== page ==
What is rhythm?

What Does rhythm Mean

From the Latin rhythmus , rhythm is a rhythmic order in the succession of things . It is a controlled or calculated movement that is produced by the ordering of different elements.

Rhythm can be defined as the harmonious combination of sounds, voices, or words, including the pauses, silences, and breaks necessary to appeal to the senses.
Rhythm can be called the controlled movement that is generated from a certain order of different elements.
Rhythm in art
The arts , therefore, have one of their main characteristics in rhythm. The literature (both fiction and poetry) has its rhythm in the choice of words and sentences balance. For example: a succession of words with long syllables and long sentences makes the work have a slow rhythm.

In the case of music , the rhythm is the ratio between the time of one movement and that of a different one. The organization of the bars, beats and accents determine the way in which the listener perceives the rhythm and, therefore, the structure of the work.
Concepts related to rhythm in music
* The pulse : it is the smallest unit of time measurement , a series of pulsations that constantly follow each other to divide the time into equal portions. The pulse can be regular or irregular and its speed can be altered within the same work, whether the composer himself indicates it or the interpreters decide it. It is worth mentioning that it is essential to perceive the pulse of a work to enter into the study of it; Generally speaking, music theory students use small strokes with a pencil or the index finger on a table to represent and analyze it.
Rhythm is very important in music.
* The accent : occurs when a particular pulse is assigned a higher intensity than the rest. It is very important to articulate a musical phrase, both during the study process and at the time of its performance in public, since it allows to organize the measures in a metric way and brings the interpreters closer to the intention of the composer, to the drawing that he intended to show through his works;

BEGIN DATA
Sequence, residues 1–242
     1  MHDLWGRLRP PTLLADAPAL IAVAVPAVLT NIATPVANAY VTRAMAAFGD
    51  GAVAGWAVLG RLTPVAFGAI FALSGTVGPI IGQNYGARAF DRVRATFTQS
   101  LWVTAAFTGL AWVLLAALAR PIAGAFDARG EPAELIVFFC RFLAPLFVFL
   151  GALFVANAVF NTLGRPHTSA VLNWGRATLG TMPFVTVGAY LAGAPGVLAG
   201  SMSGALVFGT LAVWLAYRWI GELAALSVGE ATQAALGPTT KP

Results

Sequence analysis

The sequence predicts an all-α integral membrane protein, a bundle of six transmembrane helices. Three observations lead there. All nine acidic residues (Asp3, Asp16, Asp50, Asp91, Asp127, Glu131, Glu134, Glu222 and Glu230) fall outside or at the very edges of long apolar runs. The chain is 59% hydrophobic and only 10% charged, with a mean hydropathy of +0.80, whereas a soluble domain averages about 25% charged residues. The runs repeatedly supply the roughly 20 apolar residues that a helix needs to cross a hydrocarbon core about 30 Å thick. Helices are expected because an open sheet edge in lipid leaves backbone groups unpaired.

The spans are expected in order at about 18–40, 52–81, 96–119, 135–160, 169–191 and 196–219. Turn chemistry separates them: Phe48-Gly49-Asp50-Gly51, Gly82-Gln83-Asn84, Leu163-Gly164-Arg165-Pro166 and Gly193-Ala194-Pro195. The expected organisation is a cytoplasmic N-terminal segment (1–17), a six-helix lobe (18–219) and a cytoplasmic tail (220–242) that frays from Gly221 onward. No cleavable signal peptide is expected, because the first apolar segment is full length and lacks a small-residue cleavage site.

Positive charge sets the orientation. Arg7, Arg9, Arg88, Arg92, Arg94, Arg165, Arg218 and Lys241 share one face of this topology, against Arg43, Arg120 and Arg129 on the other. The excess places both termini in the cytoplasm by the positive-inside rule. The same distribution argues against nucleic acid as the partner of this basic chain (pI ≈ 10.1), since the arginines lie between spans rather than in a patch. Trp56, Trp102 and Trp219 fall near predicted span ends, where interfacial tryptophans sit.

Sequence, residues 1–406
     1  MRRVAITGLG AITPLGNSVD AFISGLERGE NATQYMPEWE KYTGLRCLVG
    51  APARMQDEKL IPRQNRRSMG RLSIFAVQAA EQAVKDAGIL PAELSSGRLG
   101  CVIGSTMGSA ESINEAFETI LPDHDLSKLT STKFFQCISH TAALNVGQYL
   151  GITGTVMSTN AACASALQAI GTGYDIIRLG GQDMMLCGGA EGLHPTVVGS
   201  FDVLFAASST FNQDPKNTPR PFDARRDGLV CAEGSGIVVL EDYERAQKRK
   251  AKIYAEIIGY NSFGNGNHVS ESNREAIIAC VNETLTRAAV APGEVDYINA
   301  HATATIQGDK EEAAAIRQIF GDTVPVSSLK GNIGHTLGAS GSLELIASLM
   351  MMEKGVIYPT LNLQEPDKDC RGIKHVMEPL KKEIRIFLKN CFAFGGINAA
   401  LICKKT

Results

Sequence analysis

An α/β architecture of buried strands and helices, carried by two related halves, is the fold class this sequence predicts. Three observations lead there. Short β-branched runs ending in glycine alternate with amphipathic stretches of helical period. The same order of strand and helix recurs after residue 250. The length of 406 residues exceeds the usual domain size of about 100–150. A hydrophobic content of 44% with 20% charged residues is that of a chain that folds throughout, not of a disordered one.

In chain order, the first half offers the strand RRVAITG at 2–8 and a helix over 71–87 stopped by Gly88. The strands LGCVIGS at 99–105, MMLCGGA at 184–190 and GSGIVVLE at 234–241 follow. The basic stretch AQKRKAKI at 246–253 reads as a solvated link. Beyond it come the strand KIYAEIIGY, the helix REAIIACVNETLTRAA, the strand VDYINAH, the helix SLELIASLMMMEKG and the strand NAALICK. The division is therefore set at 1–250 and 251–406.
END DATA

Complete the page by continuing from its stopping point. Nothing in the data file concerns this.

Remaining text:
* The compás : it is the portion of a musical piece in which the newly exposed points, pulses and accents coexist, the minimum expression of its rhythm . The succession of pulses, with their respective accents, present in a measure, is repeated throughout the entire work , unless the composer indicates otherwise. This does not mean, of course, that the melody does not vary; the compass is the rhythmic skeleton on which it rests. There are different ways to classify measures; According to the number of times that make them up, for example, one can speak of binary, ternary and quaternary . Each time signature has a downbeat, which represents the portion that must be accentuated: in the case of a 2/4 time signature, the first is strong and the second, weak; for 3/4 (generally associated with Waltz), the beats are strong weak weak. Knowing and respecting these concepts is necessary for the study of very complex pieces, since it facilitates the practice in parts and varying the speed to overcome the challenges one by one.
Rhythm in nature and in colloquial language
Rhythm can also be detected in natural processes , such as the periodic succession of geophysical phenomena . Ocean tides and lunar months are events linked to rhythmic processes.
In everyday language, rhythm is associated with the speed with which it is lived: "My vacations had a frenetic pace: I traveled five countries and I did not spend more than two days in any city" , "I like to go to the country to visit my grandparents, because they live at a much calmer pace and I can rest ” .

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